In the last couple of weeks, I’ve heard the words “we’re spending a lot of money” used twice in regard to one of metro New York’s public transportation systems, the Long Island Railroad, lovingly known as the “LIRR”. Both times the phrase was used in a news story on news radio.
The first story was about cuts in service because the LIRR, like many organizations since the recession started in 2007, is desperately attempting to save money. The man who was recorded as bemoaning the amount of money paid to the railroad seemed to feel that the pre-cut service wasn’t good enough to justify the amount being paid — and no way in hell is it justified by cuts in service.
The second story was about the LIRR shutting down after 2 tornadoes and multiple near-tornadoes rampaged through Brooklyn, Queens and Nassau County last week. The angry man quoted in this story seemed to feel that the amount of money he paid should guarantee service no matter what the weather conditions.
I have a simple question for both these gentlemen: “What the hell are you talking about?”
To Commuter No. 1: Haven’t you heard about the recession? Everyone and every organization are cutting back. The amount of money you pay as an individual has almost nothing to do with the overall viability of the LIRR.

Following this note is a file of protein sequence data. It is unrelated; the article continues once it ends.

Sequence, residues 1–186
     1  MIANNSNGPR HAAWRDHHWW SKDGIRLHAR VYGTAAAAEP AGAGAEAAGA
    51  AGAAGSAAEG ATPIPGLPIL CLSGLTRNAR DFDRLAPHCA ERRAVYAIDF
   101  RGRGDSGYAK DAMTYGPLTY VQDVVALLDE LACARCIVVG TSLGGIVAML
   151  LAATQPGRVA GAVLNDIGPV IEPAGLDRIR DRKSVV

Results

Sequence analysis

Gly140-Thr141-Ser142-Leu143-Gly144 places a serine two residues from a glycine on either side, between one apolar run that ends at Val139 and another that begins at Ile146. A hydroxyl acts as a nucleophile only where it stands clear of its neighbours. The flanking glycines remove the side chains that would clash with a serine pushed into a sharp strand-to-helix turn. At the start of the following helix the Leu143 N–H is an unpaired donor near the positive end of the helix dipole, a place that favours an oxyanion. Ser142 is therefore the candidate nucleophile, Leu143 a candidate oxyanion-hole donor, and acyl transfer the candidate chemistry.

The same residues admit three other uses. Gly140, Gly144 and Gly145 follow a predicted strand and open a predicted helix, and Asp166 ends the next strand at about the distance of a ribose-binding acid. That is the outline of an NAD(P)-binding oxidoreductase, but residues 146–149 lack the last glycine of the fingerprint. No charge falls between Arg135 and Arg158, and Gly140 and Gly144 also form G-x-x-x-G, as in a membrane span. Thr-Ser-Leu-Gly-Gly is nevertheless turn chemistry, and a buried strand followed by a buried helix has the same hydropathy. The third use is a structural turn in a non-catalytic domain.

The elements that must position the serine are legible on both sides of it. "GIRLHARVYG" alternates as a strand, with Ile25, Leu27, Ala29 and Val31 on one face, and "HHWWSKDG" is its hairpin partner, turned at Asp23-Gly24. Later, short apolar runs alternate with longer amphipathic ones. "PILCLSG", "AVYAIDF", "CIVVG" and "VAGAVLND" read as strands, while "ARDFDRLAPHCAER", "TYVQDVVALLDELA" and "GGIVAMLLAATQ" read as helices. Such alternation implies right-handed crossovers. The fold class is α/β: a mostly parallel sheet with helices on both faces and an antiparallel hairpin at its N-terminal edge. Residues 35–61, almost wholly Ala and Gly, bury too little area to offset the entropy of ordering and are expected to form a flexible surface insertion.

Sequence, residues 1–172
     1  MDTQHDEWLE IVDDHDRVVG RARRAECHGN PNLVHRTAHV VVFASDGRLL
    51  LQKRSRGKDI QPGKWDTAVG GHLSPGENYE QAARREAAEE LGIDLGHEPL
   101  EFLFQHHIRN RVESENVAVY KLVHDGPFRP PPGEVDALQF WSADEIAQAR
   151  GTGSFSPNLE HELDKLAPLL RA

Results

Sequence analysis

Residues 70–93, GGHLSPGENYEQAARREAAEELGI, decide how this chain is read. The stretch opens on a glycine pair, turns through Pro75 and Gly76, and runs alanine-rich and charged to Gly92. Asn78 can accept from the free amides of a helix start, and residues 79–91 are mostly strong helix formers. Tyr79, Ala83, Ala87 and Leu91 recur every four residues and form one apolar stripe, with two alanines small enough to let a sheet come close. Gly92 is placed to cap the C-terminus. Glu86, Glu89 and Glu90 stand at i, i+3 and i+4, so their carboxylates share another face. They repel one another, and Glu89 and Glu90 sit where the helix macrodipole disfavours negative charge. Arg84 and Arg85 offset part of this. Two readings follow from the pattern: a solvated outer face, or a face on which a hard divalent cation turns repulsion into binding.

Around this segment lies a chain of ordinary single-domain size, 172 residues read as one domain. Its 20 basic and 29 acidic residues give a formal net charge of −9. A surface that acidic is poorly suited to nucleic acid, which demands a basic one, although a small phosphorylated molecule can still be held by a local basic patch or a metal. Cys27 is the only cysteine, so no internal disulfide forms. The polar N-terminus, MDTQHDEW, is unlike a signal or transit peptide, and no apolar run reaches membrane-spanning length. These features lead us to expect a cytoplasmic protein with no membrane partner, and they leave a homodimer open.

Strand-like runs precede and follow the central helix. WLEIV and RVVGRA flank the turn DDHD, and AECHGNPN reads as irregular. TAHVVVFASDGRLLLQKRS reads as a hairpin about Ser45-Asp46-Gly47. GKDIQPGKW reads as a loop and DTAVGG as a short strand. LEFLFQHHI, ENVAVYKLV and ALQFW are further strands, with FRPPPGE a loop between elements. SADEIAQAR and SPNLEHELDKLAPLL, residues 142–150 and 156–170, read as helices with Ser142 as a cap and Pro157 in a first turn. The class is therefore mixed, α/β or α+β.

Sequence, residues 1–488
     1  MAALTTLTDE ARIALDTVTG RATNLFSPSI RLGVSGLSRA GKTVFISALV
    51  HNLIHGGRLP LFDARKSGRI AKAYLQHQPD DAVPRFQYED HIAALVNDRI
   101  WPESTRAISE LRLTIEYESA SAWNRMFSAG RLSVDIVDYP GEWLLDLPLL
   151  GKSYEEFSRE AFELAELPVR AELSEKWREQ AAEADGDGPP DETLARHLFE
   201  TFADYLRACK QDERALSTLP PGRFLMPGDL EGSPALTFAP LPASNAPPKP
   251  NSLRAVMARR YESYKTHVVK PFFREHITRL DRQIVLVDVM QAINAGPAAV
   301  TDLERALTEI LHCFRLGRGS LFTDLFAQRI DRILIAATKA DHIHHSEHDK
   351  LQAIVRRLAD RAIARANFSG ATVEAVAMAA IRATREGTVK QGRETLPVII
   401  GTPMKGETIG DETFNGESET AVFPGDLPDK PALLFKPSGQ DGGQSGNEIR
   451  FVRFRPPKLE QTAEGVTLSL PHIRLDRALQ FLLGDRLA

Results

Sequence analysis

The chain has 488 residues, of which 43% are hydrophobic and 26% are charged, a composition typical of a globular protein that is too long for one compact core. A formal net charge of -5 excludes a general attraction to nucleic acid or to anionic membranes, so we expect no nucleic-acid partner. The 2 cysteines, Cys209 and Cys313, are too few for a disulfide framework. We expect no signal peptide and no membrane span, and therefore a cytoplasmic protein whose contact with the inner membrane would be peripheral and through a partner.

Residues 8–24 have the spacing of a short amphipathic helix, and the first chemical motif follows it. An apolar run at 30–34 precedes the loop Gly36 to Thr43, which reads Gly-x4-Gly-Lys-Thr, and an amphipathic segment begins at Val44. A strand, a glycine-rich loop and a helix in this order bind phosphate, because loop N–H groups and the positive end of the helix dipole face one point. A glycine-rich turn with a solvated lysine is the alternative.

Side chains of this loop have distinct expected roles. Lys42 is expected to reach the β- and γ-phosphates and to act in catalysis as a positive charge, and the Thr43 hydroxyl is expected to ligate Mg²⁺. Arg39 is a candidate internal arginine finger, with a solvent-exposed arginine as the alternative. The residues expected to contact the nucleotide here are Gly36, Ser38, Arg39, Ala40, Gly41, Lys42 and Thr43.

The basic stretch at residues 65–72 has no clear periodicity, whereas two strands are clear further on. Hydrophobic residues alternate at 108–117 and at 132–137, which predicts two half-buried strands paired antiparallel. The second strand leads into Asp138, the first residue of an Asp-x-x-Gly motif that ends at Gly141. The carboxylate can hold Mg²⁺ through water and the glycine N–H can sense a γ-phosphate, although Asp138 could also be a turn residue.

To Commuter No. 2: What is with you? Do you seriously believe that your money somehow immunizes you and your railroad from the devastation of tornadoes? Maybe you should cancel your commutation ticket and use the money saved to see a shrink. You are in serious need of a reality adjustment.
The problem with both of these gentlemen is simple: Their expectations are ridiculous. They feel that the money they spend is the overriding factor in the equation.
What should organizations do about outlandish expectations from their customers? Employees? Stakeholders?
Communicate, and then follow up with more communication, and then return with even more communication. People, as the above examples show, can be incredibly dense. You need to be communicating constantly and redundantly.
And you need to accept a harsh reality: No matter what you do or say, there will always be some people who won’t get the message. Some people who think that their money means tornadoes don’t shut down the railroad. Customers who think non-working products are for other people. Employees who feel they are overworked and underpaid. Stakeholders who feel unappreciated, no matter what the return on stock or how much community service you do.
If you’re reaching a solid majority of the people you’re communicating with, pat yourself on the back, have another cup of coffee, then restart your efforts toward the people who just don’t get it. It’s a vicious cycle, but you’re stuck with it. After all, you never know when the next tornado is coming.
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